The biggest thing I’ve learnt is not trying to stay dry. When I first started out, I thought I needed to stay dry, layering up as much as possible, but I’ve got rid of that mentality. Now I think, if I get wet, I get wet. Keeping warm is what matters; as long as I’m warm, I’m OK. As a result, some of my nicest commutes recently have been in the rain. I’ve become very good at cleaning my bike too!

Railway signaller Iain Robinson

Plans for 2020?

The biggest thing this year will be trying to beat 2019’s mileage. If everything stayed the same, I’d probably be able to match it, but I don’t see where any extra time is coming from. I’d also like to explore a bit more out into Cumbria and the North Pennines — I’m happy to go further afield now that my fitness

has improved.

One million feet of climbing

Liam Brannon

Age: 38 | Occupation: Pensions expert | Hometown: Burnley, Lancashire | Height: 5ft 7in | Weight: 59kg | Club: n/a

Targeting the Maratona gran fondo last July led Liam Brannon to rack up a million feet of climbing and 10,000 miles over the course of the year. Little wonder, therefore, that he smashed his target time and took his fitness to new heights.

How would you sum up 2019?

It was comfortably my biggest year so far. That hadn’t been my ambition, but because I was racking up training miles for the Maratona dles Dolomites, I got to the point of realising I could go over 10,000 miles and so pushed on to achieve it. Likewise, reaching a million feet of climbing was not a target to begin with but became one as the year progressed.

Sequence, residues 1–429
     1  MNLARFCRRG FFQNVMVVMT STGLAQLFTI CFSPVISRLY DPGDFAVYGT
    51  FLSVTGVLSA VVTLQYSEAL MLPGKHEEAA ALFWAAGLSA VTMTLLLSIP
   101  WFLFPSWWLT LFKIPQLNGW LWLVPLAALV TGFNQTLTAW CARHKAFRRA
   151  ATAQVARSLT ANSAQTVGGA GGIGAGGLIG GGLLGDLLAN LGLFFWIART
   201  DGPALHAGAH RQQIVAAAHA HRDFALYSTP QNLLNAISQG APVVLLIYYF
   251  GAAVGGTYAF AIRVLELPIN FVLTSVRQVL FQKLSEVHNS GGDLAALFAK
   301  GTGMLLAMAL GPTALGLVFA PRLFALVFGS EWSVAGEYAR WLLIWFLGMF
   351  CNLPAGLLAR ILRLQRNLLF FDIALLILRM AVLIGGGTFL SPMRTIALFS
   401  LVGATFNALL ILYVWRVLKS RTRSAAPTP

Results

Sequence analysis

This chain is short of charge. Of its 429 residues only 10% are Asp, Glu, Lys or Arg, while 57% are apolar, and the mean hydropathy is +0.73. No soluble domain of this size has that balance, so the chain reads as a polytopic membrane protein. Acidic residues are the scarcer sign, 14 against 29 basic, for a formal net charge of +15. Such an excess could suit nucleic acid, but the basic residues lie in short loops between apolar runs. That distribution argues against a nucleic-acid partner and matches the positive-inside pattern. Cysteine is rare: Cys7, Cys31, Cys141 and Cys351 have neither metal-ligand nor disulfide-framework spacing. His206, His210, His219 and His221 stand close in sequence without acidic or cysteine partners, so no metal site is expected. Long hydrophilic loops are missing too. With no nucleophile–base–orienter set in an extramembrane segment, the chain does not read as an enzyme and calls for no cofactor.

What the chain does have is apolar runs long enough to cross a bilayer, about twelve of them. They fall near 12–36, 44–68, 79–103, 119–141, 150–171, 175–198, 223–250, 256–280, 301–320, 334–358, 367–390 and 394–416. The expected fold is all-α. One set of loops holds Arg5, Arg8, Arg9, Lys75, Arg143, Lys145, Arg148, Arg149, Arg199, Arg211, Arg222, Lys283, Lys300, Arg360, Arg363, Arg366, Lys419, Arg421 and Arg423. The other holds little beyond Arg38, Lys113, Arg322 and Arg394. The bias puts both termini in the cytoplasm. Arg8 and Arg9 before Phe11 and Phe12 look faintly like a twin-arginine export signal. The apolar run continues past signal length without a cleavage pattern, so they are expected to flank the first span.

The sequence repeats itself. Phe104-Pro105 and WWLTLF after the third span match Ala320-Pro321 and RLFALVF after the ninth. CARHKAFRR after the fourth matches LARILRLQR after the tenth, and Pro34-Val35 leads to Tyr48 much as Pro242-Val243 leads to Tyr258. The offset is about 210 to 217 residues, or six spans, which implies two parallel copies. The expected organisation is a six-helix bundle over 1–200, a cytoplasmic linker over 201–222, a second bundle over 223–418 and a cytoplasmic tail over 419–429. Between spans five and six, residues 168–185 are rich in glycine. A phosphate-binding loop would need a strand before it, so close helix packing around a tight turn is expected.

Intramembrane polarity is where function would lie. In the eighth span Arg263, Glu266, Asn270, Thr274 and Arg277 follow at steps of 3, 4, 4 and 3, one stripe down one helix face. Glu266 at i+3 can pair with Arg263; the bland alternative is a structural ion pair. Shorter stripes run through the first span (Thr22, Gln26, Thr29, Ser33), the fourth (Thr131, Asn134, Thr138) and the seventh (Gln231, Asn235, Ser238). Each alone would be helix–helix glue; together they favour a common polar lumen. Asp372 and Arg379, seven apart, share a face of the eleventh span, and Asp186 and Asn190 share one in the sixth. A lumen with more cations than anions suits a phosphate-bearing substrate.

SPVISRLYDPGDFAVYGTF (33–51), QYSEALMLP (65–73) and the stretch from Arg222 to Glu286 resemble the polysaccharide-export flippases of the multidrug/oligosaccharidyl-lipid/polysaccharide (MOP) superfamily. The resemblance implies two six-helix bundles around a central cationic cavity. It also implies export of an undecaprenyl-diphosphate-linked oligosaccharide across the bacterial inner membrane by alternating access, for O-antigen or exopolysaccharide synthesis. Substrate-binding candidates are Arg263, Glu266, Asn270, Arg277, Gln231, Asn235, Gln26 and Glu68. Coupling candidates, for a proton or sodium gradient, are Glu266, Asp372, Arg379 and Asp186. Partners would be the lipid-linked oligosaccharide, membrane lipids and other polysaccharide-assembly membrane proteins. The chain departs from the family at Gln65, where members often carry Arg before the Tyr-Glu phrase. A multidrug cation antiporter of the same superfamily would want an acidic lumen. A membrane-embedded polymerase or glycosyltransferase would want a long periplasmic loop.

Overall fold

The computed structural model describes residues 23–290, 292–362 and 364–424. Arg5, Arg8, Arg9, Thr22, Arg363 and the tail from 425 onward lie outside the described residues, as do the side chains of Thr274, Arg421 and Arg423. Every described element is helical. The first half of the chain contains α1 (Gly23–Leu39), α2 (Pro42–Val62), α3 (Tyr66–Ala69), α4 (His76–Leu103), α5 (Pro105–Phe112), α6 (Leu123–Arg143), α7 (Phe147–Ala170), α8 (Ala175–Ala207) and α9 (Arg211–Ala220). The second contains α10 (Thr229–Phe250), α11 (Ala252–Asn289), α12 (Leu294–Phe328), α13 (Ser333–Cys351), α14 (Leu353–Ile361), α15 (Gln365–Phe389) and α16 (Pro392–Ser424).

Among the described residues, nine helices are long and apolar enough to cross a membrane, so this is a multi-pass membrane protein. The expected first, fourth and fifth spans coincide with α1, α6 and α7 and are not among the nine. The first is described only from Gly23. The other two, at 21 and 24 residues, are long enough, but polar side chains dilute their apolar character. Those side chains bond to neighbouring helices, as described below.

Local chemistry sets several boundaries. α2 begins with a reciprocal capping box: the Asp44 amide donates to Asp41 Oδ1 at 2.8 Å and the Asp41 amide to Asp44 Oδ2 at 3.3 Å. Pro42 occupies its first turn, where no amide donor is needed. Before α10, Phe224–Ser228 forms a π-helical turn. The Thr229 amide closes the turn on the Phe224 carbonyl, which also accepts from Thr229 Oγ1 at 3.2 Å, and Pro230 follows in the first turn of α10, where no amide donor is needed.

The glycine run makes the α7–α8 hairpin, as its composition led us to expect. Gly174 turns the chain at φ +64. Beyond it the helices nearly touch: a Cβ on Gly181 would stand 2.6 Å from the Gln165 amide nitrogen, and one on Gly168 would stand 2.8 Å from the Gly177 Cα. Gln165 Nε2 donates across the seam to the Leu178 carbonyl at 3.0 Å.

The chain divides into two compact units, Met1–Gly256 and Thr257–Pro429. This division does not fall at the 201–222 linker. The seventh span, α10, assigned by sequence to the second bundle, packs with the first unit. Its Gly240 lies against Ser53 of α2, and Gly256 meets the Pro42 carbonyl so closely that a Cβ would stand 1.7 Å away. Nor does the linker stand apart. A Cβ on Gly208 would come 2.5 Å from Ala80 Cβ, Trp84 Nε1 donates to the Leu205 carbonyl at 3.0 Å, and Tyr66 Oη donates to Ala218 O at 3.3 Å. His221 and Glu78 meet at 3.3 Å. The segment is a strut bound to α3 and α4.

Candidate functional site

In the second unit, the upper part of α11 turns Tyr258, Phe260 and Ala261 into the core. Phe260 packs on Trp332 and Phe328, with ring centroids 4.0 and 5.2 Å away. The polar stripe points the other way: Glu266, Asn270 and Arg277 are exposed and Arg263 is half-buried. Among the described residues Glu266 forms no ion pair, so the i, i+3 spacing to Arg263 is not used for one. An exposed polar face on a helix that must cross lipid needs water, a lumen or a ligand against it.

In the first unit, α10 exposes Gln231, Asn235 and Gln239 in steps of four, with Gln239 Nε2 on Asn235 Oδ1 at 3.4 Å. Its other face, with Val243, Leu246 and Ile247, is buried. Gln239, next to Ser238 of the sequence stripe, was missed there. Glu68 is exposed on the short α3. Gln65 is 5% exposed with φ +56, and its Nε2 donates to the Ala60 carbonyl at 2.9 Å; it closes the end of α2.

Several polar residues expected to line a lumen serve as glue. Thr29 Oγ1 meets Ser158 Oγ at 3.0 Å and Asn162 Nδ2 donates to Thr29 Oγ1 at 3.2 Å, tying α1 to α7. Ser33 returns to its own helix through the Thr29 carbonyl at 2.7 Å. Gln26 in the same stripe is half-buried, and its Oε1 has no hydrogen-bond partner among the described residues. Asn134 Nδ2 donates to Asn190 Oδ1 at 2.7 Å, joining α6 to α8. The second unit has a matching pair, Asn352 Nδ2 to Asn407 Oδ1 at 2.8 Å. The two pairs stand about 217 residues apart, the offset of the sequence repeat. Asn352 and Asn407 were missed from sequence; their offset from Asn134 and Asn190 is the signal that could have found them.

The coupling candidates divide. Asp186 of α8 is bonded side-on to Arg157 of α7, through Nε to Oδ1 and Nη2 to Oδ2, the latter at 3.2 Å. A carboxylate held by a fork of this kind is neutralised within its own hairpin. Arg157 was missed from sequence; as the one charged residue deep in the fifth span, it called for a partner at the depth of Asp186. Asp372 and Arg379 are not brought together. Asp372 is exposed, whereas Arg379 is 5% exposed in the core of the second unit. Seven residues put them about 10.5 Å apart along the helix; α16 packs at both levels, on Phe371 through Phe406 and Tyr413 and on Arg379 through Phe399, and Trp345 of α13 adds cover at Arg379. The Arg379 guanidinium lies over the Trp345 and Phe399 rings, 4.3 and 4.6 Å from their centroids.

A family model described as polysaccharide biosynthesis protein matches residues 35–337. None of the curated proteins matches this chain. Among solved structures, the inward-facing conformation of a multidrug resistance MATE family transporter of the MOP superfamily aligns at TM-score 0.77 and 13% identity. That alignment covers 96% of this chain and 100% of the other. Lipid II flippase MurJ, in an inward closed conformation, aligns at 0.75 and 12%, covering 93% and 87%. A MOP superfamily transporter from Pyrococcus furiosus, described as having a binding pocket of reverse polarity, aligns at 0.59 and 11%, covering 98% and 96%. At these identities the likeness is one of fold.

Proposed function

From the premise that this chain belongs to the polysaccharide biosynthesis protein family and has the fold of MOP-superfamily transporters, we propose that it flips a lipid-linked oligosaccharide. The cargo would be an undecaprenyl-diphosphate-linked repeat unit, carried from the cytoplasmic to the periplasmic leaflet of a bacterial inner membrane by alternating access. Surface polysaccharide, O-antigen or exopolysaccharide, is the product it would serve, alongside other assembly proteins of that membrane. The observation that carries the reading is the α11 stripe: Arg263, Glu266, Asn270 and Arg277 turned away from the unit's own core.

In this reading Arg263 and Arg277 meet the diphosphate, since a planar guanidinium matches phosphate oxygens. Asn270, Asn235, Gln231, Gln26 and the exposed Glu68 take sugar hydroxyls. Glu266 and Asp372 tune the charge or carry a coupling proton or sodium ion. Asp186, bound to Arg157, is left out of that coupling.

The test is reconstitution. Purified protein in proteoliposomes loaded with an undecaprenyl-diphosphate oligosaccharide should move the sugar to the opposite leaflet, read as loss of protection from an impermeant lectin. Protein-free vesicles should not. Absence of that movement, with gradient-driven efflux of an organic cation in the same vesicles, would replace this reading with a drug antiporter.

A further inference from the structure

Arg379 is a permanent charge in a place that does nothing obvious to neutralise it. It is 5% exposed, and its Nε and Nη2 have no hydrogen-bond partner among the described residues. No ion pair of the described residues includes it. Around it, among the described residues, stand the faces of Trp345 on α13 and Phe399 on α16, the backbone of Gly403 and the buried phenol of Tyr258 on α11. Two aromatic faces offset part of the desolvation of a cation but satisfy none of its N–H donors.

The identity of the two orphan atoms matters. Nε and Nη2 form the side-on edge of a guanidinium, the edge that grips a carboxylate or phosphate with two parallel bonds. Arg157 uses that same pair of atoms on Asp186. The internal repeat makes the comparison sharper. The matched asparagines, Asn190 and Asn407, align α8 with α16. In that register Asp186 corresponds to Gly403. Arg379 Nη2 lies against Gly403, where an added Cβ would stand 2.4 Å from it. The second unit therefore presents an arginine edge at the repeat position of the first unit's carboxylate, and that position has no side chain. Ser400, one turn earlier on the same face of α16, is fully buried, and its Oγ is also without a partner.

Proudest achievement of the year?

The Maratona would have to be the big one, finishing in just over six hours, but I also went to Cyprus in May and rode to the top of Mount Olympus, which was a cracking day out. My year was based around the Maratona, and it was such a brilliant event and definitely my highlight.

Most memorable ride?

I remember a particular ride in late August, where I went into the Yorkshire Dales and did a lot of the famous climbs including Buttertubs Pass and Fleet Moss. The weather was really good, and it was a really lovely day on the bike — that’s the stand-out of my British rides.

A million feet of climbing — you must really like riding uphill?

I’m only a short bloke, 5ft 7in, and quite light at 9st 4lb, so I’m naturally built for climbing. Where I live, on the edge of the Yorkshire Dales, you can’t really go anywhere without climbing. Besides, in my training for the Maratona, I had no choice but to target the hills.

Lessons learnt in 2019?

I was fortunate in having no setbacks and no injuries at all. My main lesson came from how well I did in the Maratona. Going into it, my main aim was to break seven hours, so to do six hours 10 minutes was pretty incredible. It was beyond my own expectations, and has given me confidence to aim higher.